February 08, 2017
Nance Hastings shares advice for the next generation of marketers
Nance Hastings looks to fashion and art as inspiration for her work in
the luxe beauty world—and to CEW Beauty Insider for the latest news in beauty.
Vice President, General Manager, Ultra Prestige Fragrance Portfolio North
America, Tom Ford Beauty at The Estée Lauder Cos., Nance has some
sound advice for the next generation of marketers, as well as how she
encourages her team to think out-of-the box. Below, see what she has to say about
her career trajectory.
CEW Beauty Insider: Who has been a valuable
mentor to you and what has been their most valuable advice?
Thia Breen, who has shared two of
the most valuable pieces of wisdom. The first is to surround yourself with
talented individuals. The second is to demonstrate accountability for all
aspects of your business.
BI: In heading up a luxe
brand, where do you seek inspiration from outside of the beauty world?
Definitely fashion and
art—both worlds change rapidly like beauty.
BI: How do you encourage your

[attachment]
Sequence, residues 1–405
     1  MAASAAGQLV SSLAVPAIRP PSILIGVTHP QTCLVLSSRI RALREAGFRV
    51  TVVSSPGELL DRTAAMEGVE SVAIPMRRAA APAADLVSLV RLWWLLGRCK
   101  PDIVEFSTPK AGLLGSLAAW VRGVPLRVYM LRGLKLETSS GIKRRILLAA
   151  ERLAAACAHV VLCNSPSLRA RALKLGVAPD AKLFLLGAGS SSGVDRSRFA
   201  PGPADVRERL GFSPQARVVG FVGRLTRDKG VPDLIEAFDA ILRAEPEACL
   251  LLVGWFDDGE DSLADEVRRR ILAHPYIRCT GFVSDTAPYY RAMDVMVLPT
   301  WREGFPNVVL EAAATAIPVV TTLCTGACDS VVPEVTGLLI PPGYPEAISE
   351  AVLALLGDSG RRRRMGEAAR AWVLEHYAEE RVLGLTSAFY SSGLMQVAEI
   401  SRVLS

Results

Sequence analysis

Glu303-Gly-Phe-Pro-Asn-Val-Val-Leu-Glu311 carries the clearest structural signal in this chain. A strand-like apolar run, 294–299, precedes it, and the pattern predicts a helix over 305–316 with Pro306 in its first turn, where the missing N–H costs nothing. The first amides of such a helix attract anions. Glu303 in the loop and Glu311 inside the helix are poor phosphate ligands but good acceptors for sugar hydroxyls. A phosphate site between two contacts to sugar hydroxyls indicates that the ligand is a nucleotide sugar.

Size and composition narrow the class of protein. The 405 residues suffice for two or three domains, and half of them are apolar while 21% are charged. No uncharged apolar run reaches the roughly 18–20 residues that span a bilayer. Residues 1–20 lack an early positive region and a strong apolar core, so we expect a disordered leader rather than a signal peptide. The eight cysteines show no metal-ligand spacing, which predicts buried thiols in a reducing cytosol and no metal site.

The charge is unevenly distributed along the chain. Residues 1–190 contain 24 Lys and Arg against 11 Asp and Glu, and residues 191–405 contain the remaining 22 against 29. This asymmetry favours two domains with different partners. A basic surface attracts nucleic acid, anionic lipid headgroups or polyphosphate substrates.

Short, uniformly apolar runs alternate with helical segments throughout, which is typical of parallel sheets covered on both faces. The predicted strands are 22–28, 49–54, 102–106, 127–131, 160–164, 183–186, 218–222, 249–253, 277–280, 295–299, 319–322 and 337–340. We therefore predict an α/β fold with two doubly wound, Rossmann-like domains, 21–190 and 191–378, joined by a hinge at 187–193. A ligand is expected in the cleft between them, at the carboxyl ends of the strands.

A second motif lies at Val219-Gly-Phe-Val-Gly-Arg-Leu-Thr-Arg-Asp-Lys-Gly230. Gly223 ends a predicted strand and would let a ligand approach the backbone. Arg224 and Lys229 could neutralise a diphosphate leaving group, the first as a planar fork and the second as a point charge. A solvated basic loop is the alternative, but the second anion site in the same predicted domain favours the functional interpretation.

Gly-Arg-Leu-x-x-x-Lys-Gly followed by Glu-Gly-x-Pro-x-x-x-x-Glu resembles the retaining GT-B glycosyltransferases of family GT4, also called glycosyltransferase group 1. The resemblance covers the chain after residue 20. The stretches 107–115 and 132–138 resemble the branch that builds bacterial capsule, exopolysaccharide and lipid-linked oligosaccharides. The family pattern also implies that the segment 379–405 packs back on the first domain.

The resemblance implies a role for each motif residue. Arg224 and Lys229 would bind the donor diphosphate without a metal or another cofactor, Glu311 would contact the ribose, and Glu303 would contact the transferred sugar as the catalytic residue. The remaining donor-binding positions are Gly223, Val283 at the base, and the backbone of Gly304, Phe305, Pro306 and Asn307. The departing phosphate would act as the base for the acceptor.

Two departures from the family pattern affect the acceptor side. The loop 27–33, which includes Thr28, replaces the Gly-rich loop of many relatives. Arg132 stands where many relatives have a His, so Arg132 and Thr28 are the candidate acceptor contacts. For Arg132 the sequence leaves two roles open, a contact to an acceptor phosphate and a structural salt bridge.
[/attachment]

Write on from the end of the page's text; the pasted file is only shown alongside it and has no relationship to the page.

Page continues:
team to think outside the box and generate creativity?
I encourage my team to take
risks and test new ideas. In order for most people to feel comfortable
taking risks, you have to create a safe environment. When an idea is
successful, I give credit and if it isn't, I ask what was the lesson
learned and what can be done differently next time.
BI: What is your relationship
with CEW; do you recall your main motivation for joining?
Many of the women
that I admired and respected were CEW members. I wanted to
emulate them by joining CEW. I also wanted to learn more about the
cosmetics industry and CEW filled that need.
BI: How has being a member
helped your career?
CEW has helped make me a
smarter, better informed executive. For example, the online articles
that CEW publishes on Beauty Insider
, provide insights that I can’t get
BI: What three pieces of advice would you
give to new marketers in the beauty industry?
I would say to first learn as much as you can about digital marketing—all
aspects—digital, social, etc. Secondly, I would say to not get too comfortable
with what you know—technology keeps evolving and you need to evolve with it. Then I would say to always do a postmortem after a campaign—what worked
well, what didn’t, what would you change for next time.
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